[0071] Thus, for example, when a first passenger who is seated in front of the SVDU 100 makes a gesture by moving one or both hands through the gesture control space 410 in front of the SVDU 100, both cameras 102 and 104 observe the gesture and the processor 300 responds by measuring the depth of objects, identifying the objects, identify a gesture made by movement of the object(s). When the gesture matches one of the predefined gestures known to the processor 300, the processor 300 selects a corresponding command which is carried out to control the SVDU 100 and/or other defined components/systems within the aircraft.

[0072] In contrast, when a second passenger, who is seated to the left of the gesture control space 410, reaches for a drink on a forward tray or makes another motion, the camera 104 observes the motion while the oppositely tilted camera 102 does not observe the motion. Because only camera 104 observed the motion, the processor 300 ignores the motion by not attempting to match the motion to the predefined gestures. Similarly, when a passenger travels along an aisle adjacent to the right of the gesture control space 410, the camera 102 observes the motion while the oppositely tilted camera 104 does not observe the motion, and the processor 300 responds by ignoring the motion.

[0073] The distance 400 between the cameras 102 and 104 is selected to control a size of the gesture control space 410 to be appropriate for use by a passenger who is seated in front of the SVDU 100 (e.g., when the passenger is seated at a distance of two to ten feet from the SVDU 100). The distance 400 is further selected to limit the size of the gesture control space 410 to avoid excessive overlap with other gesture control spaces used to control SVDUs at adjacent seats and to ignore movement along any adjacent aisle. Because the cameras 102 and 104 are tilted toward each other, the distance 400 may locate the cameras 102 and 104 near opposite sides of the SVDU 100, although other distances between the cameras 102 and 104 may be used with the tilt angles 402 and 404 being correspondingly adjusted to provide a desired size for the gesture control space 410.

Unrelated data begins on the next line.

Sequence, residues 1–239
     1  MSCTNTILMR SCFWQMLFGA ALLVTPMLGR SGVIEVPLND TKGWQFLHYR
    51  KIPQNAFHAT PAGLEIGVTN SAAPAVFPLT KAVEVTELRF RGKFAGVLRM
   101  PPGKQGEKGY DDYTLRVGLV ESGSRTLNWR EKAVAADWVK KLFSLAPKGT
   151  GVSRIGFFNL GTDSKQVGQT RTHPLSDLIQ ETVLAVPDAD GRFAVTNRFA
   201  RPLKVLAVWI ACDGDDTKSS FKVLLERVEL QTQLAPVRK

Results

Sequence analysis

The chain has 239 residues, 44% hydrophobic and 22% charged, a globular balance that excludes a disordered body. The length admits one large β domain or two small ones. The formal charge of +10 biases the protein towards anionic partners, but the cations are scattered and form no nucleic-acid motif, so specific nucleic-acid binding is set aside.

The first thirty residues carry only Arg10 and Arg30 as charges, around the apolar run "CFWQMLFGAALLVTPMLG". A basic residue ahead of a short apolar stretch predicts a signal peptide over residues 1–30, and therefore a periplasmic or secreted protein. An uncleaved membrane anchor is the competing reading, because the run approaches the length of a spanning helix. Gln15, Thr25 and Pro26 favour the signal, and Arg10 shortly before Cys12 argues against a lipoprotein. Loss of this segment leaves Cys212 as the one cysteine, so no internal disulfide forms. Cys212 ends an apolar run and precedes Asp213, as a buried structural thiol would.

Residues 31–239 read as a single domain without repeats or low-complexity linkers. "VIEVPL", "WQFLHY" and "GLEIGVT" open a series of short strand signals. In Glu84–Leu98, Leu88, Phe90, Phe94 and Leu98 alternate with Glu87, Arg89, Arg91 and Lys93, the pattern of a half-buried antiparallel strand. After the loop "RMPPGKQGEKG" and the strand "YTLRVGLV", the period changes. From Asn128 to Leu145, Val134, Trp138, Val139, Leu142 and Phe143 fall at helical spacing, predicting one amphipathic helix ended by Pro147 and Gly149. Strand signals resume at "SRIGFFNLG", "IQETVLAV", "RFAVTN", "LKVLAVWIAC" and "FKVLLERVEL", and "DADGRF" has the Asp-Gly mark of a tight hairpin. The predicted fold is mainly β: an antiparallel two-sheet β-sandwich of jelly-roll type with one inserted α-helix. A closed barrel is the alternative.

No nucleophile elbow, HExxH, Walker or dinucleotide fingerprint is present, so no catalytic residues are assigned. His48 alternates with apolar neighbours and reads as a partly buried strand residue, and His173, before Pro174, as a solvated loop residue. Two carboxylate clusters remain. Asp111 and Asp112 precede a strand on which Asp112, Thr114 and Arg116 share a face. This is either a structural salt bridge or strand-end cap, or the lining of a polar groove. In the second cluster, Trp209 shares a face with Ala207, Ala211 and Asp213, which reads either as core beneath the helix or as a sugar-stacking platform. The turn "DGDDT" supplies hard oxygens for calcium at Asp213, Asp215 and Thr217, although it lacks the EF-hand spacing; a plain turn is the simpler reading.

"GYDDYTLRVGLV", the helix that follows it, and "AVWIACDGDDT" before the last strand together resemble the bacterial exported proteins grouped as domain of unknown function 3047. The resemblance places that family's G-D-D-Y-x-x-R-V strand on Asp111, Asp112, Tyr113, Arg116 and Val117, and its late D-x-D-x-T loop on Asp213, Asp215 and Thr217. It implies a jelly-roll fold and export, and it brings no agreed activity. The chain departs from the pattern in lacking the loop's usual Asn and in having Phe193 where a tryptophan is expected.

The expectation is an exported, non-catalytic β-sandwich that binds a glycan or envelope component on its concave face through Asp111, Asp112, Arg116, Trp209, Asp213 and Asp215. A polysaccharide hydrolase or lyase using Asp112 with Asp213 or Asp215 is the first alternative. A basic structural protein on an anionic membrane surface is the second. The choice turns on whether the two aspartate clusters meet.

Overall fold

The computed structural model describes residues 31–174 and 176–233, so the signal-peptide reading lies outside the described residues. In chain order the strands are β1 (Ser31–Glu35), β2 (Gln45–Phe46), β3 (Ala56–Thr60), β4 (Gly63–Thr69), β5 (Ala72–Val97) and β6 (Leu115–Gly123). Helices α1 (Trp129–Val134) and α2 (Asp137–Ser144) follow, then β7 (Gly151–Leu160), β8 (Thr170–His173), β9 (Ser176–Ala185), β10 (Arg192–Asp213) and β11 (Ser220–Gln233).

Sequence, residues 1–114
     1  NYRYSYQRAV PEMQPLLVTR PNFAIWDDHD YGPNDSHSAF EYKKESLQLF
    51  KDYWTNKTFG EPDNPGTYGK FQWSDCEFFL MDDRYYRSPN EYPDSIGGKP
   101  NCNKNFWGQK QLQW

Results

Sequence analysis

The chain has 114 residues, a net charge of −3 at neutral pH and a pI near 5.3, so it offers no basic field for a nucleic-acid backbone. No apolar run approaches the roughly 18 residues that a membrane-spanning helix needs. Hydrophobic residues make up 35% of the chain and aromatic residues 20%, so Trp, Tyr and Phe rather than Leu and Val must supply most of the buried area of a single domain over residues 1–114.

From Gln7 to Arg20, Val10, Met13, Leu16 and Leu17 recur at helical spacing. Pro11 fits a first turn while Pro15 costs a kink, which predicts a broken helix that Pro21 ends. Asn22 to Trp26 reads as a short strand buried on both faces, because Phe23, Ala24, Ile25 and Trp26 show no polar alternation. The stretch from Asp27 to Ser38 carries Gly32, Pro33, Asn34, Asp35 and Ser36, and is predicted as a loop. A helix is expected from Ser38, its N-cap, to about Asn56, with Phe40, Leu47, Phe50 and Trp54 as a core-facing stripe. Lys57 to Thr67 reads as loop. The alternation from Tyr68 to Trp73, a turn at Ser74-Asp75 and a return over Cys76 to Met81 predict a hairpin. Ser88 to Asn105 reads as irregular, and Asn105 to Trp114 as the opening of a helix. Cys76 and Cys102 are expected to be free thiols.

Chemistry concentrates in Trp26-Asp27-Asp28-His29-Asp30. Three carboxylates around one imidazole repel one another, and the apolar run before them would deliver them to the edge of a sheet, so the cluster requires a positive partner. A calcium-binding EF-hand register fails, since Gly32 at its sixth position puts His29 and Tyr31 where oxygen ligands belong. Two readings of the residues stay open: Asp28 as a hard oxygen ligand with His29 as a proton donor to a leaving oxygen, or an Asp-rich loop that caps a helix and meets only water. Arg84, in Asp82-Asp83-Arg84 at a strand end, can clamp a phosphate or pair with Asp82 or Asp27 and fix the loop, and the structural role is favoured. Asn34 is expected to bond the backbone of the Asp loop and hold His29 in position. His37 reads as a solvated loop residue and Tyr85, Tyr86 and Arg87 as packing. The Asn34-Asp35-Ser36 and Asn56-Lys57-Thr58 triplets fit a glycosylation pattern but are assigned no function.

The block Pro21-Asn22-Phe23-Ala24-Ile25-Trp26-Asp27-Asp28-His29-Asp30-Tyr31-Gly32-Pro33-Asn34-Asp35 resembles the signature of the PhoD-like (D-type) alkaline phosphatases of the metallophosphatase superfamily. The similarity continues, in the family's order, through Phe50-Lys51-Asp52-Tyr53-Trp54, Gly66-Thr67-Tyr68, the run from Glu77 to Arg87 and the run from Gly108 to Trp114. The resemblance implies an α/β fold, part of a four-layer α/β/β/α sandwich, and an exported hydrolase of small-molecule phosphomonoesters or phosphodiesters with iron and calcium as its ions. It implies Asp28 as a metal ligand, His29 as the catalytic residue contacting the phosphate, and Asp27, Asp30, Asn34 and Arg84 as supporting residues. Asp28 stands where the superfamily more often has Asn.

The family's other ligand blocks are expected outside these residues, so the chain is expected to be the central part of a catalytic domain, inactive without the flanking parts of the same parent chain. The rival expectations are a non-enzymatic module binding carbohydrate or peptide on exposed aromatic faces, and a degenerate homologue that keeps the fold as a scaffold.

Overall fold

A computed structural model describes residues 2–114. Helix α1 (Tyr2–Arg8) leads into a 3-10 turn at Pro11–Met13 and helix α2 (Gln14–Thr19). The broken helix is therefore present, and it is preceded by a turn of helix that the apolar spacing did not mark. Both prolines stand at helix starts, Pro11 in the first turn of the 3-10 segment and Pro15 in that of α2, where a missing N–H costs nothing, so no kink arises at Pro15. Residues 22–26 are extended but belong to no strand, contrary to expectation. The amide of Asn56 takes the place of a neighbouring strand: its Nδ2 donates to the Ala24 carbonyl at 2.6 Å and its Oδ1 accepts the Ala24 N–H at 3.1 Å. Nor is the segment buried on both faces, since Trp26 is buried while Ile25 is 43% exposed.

Gesture Control Cameras Tilted Away From Each Other

[0074] Figure 6 is a block diagram of the pair of cameras 102 and 104 which are now closely spaced relative to each other at a distance 500 across the front face of the SVDU 100. The cameras 102 and 104 are tilted away from each other with respective angles 502 and 504 to provide a narrowed overlapping field of view 503 and 505, respectively. The processor 300 is connected to receive video images from the cameras 102 and 104, and is configured to identify control gestures that are formed by a passenger within a gesture control space 510 between the passenger and the SVDU 100 and defined by the narrowed overlapping field of views of the cameras 102 and 104. When performing operations and methods to identify potential control gestures, the processor 300 may ignore movement that occurs within the field of view of only one, but not both, of the cameras 102 and 04.

[0075] The distance 500 between the cameras 102 and 104 is selected to control a size of the space 510 to be appropriate for use by a passenger who is seated in front of the SVDU 100, while also limiting the size of the gesture control space 510 to avoid excessive overlap with gesture control spaces used to control SVDUs at adjacent seats and to ignore movement along any adjacent aisle. Because the cameras 102 and 104 are tilted away from each other, the distance 500 should be smaller, and may be much smaller, than the distance 300 between the cameras 102 and 104 of Figure 5 which are titled toward each other. For example, the distance 510 may place the cameras 102 and 104 immediately adjacent to each other or may space the cameras 102 and 104 apart by less than, for example, four inches. Other distances between the cameras 102 and 104 may be used with the tilt angles 502 and 504 being correspondingly adjusted to provide a desired size for the gesture control space 510.

[0076] Thus, for example, when a first passenger who is seated in front of the SVDU 100 makes a gesture by moving one or both hands through the gesture control space 510 in front of the SVDU 100, both cameras 102 and 104 observe the gesture and the processor 300 responds by analyzing the gesture. When the gesture matches one of the predefined gestures known to the processor 300, the processor 300 selects a corresponding command which is carried out to control the SVDU 100.

[0077] In contrast, when a second passenger, who is seated to the left of the gesture control space 510, reaches for a drink on a forward tray or makes another motion, the camera 104 observes the motion while the oppositely tilted camera 102 does not observe the motion. Because only camera 104 observed the motion, the processor 300 ignores the motion by not attempting to match the motion to the predefined gestures. Similarly, when a passenger travels along an aisle adjacent to the right of the gesture control space 510, the camera 102 observes the motion while the oppositely tilted camera 104 does not observe the motion, and the processor 300 responds by ignoring the motion.

[0078] The processor 300 also identifies and operates to ignore movement of other portions of the passenger, such as the passenger's stomach, chest, and knees that may into the field of the view of the cameras 102 and 104 while the passenger is seated.